Originally published Oct. 27, 2013

Co-written with editorial board

Grand Valley State University students had less competition for Grand Rapids parking and more room to move in the bars this weekend thanks to Aquinas College’s fall break. Conversely, the GVSU students had to push forward with their constant student responsibilities while their Aquinas counterparts took a well-needed time-out.

Last week, the University Academic Senate voted down the Student Senate proposal to add a two-day fall break. Despite the survey given to more than 1,300 students with about 86 percent saying that a fall break would help them in their studies, the proposal was not passed.

As students, the Lanthorn staff would like to add our opinion to the mix.

First, as seen in Carly Simpson’s front page article, the UAS explored many options in either adding a week-long break and starting a week earlier or going a week further into winter break. In doing so, of course there is no surprise that students would want to leave the schedule as is. But why is the UAS straying from the original proposal that wouldn’t cause a change in the starting and ending dates of breaks?

The original proposal suggested a — two-day, not week-long — break that would get rid of the Tuesday off after Labor Day and have classes go one extra day into exams. (Let us clarify right now that the Tuesday mini-break is superfluous; we haven’t accrued enough homework and projects during the first week of school to make a stress-reducing break worthwhile).

The UAS is doing anything and everything it can to justify this decision, saying that Student Senate worded the questions to show only the benefits of a fall break. It also said it didn’t think the break would benefit students when the evidence shows that the Counseling Center is busier during mid-October.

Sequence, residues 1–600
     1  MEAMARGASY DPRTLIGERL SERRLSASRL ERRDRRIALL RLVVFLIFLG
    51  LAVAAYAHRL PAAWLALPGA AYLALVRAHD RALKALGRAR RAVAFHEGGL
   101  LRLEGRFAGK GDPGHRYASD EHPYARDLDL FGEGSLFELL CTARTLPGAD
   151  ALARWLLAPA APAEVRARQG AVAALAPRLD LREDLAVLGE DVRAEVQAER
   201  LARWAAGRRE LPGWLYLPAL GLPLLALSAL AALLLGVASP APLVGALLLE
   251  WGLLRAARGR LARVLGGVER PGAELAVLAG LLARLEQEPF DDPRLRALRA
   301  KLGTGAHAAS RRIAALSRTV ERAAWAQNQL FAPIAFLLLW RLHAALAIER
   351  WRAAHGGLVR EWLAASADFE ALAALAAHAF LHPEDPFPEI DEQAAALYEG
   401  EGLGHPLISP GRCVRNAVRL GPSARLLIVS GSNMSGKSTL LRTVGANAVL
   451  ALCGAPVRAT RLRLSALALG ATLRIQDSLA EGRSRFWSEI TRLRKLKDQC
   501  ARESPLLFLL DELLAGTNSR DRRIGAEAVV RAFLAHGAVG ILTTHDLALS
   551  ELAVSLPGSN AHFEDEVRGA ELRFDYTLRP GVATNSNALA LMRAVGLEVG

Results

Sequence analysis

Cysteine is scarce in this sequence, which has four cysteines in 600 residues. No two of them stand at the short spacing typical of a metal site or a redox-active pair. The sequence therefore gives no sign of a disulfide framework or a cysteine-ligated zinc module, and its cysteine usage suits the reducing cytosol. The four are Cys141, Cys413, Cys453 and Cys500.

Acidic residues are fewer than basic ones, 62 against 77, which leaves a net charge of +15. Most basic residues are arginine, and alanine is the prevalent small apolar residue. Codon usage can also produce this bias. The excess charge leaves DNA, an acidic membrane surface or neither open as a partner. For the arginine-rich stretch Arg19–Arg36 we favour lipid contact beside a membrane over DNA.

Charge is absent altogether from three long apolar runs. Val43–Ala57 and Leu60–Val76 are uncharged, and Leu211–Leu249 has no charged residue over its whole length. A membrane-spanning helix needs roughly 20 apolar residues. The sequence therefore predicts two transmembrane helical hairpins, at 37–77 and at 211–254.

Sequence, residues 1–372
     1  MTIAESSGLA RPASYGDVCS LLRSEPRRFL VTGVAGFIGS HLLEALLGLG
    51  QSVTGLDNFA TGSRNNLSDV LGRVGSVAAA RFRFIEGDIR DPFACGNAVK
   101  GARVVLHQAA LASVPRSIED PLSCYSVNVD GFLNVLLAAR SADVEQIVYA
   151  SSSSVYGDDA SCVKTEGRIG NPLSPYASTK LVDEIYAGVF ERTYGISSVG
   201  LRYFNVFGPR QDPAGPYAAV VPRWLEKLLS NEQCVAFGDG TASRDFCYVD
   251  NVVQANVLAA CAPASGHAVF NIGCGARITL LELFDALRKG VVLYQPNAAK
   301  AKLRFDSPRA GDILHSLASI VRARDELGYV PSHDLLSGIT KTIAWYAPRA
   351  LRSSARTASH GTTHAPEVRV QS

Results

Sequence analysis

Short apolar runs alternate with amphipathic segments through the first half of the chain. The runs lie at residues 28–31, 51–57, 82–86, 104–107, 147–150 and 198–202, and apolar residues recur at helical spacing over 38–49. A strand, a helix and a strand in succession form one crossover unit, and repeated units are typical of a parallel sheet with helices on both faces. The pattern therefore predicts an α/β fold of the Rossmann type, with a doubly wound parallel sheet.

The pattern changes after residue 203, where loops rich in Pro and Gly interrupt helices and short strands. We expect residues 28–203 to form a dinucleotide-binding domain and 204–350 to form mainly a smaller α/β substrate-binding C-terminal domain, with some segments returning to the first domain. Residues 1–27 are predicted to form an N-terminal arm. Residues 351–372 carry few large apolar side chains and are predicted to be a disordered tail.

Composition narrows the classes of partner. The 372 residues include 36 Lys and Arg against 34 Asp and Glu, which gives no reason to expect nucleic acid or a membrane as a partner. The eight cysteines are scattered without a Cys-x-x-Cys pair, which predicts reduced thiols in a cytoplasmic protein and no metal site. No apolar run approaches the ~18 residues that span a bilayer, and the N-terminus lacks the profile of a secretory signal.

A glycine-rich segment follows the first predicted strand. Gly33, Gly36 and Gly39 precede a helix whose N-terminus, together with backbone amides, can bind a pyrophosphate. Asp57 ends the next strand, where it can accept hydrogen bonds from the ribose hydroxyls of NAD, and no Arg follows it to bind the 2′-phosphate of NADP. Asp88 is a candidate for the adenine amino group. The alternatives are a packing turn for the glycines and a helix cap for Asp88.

If statistics can’t convince faculty that a break is needed, perhaps an anecdote can.

One thing that the UAS needs to remember is that the responsibilities of a student continue from sun-up to sun-down every day of the week. Many—especially those with jobs—have scarce opportunities to recharge even after a few weeks of school. They attend class for 15 hours each week, put in the three-outside-hours-per-credit-hour for an extra 45 hours of academic work, schedule in 30 hours to make tuition payments, and try hard to get the recommended 8 hours of shut eye per night. Once you add on five hours of bus riding, time to exercise and eat, and a few hours for spiritual, professional and personal development, the final 22 hours go fast, leaving maybe a few hours on Saturday for mindless activities to relax and recharge.

Students would greatly benefit from a few extra days either just to catch up or to take some time for themselves and relax. While the opinion of UAS is valued and often valid, in this case, going with the original proposal would not affect the overall schedule for students, faculty and staff and would greatly benefit students’ physical, mental and academic health.

 

Original publication: http://www.lanthorn.com/article/2013/10/1320-editorial

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